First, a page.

By Shinji_Rarenai 0 Comments
I haven't posted in a while. I have been jumping between different games in the past nine months, but throughout that time, I've kept playing StarCraft II.
When I found out that Heart of the Swarm was going to come out in March, I decided that I needed to finish the single-player campaign before then. Also, since I live in Southern California, I thought it would be fun to go to the launch event in Irvine, CA. It's close to my work, and I figured I might as well.
In the meantime, I kept trying to play StarCraft II and get better at it. I did have a beta key, but every time I played, I never had any idea what was going on, and I kept getting crushed. I didn't want to play the beta and just be Terran, either. I had more fun in Wings of Liberty when I was playing random, so I decided that when Heart of the Swarm came out, I'd try to play random as well. In my final season, using filtersc's builds (which I posted about a while ago), I managed to make 1st place in Gold division. I know it's not much by StarCraft II standards, but it was an accomplishment for me. I just don't have enough time to play, let alone to get really good at the game. I'm lucky if I get to play a game every night.
The launch event was crazy, nerdy, and a lot of fun. There were actually more girls there than I thought there'd be. There were also kids a lot younger (and a lot older) than I was. (I'm in my late thirties. There was a guy in the crowd holding up a sign that said "All-Star Silver player." I think he was old than I was.) Some of the attendees actually brought their kids.
The crowd was really crazy. The Irvine Spectrum, an outdoor mall, had a stage with a huge projector and a concert sound system. There were probably a couple thousand people there, if not more, that stayed until midnight. They were giving out raffle prizes, and throwing prizes into the audience (like SSD drives, mouse pads, and mice). No one was hurt, as far as I could tell.
I thought that there were be more cosplay or crazy or weird things like that, but it just looked like Gen-Xers and millenials, and a bunch of gamers. No one really smelled. :)
They had some show matches to pass the time. They also showed off some of the new features of the game, like the ability to start a game from a replay. Basically, two pros would play a 1v1 that was projected on a large screen for the audience. After the game ended, the commentators would ask the loser when they thought they lost the game. They then had the option to replay the same game from that point in time.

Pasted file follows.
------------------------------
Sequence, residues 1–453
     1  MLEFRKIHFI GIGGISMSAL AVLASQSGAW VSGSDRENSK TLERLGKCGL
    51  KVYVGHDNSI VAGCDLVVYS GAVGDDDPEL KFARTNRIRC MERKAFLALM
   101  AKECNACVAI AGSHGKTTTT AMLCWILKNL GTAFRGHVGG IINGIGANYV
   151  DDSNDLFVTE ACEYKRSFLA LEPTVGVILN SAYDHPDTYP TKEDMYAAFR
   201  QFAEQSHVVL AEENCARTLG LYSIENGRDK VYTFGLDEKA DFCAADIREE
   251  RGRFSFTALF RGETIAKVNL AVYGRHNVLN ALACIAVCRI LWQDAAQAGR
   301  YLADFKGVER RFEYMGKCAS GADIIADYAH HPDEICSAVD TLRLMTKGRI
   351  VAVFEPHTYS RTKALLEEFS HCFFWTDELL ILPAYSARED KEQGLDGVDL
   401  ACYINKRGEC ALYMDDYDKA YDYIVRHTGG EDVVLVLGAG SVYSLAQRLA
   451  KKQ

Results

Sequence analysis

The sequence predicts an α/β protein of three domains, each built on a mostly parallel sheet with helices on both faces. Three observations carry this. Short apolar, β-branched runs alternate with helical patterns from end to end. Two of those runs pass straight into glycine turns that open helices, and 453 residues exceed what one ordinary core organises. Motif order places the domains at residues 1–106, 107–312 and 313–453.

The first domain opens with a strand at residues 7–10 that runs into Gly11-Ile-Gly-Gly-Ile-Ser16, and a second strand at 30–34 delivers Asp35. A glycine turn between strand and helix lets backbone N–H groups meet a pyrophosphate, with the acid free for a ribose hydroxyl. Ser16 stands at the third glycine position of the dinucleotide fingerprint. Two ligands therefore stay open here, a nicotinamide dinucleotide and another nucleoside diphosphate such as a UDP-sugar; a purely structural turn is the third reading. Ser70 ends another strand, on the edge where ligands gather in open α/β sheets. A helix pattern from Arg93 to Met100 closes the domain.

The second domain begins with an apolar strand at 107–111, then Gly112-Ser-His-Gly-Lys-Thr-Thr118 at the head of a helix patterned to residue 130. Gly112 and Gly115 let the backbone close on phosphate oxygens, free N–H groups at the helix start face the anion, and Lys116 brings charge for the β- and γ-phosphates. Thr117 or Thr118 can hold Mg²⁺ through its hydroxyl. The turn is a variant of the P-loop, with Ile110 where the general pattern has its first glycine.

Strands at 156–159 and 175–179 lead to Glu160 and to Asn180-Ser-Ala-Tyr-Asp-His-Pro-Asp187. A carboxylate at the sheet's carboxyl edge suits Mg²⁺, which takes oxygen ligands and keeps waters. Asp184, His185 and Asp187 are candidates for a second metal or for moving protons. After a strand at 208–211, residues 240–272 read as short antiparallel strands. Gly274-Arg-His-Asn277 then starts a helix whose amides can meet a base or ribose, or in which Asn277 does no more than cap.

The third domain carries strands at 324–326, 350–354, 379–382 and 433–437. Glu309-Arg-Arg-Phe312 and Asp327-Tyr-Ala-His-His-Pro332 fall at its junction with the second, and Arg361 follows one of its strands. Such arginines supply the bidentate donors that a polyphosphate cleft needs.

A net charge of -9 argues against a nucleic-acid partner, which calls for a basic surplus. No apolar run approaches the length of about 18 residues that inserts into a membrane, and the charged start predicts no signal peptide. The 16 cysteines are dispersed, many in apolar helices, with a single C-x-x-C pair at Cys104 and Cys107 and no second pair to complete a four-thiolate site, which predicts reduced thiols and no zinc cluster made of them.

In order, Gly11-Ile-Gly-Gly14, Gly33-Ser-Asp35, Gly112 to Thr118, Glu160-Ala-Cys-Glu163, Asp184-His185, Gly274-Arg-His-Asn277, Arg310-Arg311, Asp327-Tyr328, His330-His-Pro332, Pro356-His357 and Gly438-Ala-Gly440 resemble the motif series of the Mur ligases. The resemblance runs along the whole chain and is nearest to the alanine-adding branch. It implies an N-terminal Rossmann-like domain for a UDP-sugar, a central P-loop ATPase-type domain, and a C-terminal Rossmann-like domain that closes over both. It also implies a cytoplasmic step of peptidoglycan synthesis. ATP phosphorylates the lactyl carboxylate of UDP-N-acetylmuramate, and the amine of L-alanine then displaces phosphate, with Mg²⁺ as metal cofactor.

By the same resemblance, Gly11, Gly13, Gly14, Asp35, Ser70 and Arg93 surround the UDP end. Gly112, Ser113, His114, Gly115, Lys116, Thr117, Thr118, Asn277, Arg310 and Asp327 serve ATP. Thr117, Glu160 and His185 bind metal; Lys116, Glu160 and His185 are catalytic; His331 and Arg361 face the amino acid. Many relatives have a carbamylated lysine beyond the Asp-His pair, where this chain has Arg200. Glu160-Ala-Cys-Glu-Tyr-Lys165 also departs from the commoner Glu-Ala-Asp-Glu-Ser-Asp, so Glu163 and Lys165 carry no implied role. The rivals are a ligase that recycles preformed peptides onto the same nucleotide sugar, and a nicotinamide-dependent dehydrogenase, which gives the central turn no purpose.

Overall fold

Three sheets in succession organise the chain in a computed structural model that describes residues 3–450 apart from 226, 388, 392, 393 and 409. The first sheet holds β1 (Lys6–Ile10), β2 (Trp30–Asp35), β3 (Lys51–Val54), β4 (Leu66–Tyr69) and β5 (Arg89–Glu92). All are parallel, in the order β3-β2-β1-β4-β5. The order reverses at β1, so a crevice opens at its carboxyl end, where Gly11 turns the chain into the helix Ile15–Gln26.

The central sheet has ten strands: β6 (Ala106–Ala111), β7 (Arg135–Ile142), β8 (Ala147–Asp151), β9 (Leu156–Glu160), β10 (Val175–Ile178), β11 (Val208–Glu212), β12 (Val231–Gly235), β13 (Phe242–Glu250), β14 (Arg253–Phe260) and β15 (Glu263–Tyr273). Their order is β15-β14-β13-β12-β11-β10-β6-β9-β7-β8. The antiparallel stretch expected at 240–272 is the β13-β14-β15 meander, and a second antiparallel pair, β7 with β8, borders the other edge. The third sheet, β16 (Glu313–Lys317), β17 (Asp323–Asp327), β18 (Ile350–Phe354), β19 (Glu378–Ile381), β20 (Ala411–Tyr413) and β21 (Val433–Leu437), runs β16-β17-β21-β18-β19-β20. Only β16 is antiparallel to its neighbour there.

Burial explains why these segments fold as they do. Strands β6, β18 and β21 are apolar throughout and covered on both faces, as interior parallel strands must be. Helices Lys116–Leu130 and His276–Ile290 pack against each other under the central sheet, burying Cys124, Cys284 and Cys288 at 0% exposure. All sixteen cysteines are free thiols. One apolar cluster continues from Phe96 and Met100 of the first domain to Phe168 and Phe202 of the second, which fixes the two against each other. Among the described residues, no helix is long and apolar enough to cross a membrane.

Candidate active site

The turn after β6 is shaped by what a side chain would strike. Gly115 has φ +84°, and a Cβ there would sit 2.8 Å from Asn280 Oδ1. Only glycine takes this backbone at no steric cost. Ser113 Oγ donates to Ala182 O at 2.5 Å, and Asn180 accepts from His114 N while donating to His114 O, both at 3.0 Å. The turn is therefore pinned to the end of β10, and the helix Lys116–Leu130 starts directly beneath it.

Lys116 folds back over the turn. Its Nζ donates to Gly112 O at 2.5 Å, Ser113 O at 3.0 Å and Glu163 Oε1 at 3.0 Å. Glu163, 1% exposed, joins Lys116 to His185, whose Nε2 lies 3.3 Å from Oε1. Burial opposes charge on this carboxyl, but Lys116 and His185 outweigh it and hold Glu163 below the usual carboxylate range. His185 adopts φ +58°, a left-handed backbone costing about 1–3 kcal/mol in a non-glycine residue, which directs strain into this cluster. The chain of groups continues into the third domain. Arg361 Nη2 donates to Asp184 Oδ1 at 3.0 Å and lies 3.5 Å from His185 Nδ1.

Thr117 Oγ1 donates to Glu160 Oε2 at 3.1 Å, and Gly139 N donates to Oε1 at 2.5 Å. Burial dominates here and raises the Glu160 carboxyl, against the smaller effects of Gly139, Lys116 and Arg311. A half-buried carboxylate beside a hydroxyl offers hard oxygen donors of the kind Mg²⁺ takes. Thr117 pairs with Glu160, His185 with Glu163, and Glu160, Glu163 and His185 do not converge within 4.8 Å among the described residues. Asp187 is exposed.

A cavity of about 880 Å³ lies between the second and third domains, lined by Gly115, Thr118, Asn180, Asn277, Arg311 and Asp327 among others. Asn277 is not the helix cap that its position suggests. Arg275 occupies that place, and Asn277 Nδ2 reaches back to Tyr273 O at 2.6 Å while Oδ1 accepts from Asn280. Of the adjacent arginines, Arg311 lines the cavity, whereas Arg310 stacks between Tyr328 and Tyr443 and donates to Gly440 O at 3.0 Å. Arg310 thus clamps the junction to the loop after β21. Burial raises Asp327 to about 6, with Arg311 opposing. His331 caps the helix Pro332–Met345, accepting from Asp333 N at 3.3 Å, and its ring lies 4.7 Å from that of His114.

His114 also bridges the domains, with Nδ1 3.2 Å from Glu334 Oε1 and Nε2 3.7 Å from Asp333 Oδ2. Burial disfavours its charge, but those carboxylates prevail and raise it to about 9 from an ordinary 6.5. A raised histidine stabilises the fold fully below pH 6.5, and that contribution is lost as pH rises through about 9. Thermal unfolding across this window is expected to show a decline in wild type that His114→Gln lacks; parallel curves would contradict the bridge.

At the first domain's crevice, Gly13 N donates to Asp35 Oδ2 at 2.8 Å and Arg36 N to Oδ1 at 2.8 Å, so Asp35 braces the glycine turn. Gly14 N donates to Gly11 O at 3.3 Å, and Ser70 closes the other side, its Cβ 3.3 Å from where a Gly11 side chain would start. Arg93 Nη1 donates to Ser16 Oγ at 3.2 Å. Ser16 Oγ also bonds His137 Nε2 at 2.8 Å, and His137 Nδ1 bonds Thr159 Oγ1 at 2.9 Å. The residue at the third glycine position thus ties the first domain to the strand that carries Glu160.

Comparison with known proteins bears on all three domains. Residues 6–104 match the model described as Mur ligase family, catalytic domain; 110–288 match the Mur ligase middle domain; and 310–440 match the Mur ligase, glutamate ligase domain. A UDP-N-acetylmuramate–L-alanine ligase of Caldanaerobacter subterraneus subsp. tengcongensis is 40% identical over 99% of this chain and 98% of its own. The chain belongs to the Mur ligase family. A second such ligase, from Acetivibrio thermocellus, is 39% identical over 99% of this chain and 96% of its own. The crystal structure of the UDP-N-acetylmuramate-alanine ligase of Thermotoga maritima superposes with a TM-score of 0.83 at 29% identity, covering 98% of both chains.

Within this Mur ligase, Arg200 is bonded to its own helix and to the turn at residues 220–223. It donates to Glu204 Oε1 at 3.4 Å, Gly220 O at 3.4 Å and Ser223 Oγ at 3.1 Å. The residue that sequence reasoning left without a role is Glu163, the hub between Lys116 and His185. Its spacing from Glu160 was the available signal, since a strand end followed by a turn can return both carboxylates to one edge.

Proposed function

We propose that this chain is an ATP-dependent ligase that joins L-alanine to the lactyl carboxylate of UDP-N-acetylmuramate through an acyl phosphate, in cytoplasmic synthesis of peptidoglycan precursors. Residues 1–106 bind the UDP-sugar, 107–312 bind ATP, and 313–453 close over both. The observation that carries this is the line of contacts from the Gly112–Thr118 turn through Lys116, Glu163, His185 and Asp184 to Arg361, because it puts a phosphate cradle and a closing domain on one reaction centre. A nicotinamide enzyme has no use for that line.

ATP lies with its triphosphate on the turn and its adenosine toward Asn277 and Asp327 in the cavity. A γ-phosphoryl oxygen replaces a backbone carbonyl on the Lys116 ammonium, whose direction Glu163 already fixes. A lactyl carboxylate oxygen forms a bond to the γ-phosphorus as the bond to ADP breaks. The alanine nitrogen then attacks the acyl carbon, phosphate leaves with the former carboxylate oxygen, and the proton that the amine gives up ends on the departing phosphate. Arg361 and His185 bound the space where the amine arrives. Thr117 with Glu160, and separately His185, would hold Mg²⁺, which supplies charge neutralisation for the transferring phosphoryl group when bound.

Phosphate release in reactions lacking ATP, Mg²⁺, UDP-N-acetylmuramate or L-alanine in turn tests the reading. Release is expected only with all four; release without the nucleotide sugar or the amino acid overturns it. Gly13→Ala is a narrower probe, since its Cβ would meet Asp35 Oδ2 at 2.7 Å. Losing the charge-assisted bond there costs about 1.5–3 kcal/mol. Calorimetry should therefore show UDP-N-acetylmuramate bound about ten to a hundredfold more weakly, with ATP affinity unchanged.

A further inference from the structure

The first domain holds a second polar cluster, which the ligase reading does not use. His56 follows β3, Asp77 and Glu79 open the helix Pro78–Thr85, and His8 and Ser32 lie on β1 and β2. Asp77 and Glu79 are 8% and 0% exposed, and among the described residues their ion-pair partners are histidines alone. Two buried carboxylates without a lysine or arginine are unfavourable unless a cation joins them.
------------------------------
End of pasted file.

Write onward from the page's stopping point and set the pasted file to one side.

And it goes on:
I think this feature is great for a few reasons:
- If there's a disconnect or a network problem during a televised match, they can just resume the game from a replay and continue the match from there. They don't need to start the game over.
- It allows the pro players to look at a situation and figure out what could be an effective counter or response to a given army composition. I expect high-level play to get even better as a result of this feature.
- Finally, it lets us "normal" people play a game from a "fair" starting point, without having to create a custom map or anything like that. I think this could help you learn unit control. Instead of needing to learn the correct build order to get to mutalisks in a timely manner, you can load a replay where you already have a flock of them and can practice harassing the other player's economy.
While I was walking around at the event, I bumped into JP McDaniel. He's the host of the State of the Game podcast. He was really nice. We chatted for a bit about the podcast and about the game. I had the foresight to bring a silver pen and my copy of Wings of Liberty, so he signed an autograph for me. I also got autographs from MC (a Korean pro player), ViBE (an American pro), Husky (a commentator/YouTube star) and a number of Blizzard employees.
It was also neat to get a chance to talk to the Blizzard employees. There are a lot of people that worked on the game, and it was great to get a chance to talk to them and to thank them for their hard work. One of them that I did recognize was Samwise. (I thought it was a pen name, but later I found out that it is his real name.) I think he drew a lot of concept art in the WarCraft and WarCraft II instruction manuals.
It was a lot more fun that I thought it would be, and I'm glad I went. I suppose I might be back for the Legacy of the Void launch, if I'm still in Southern California.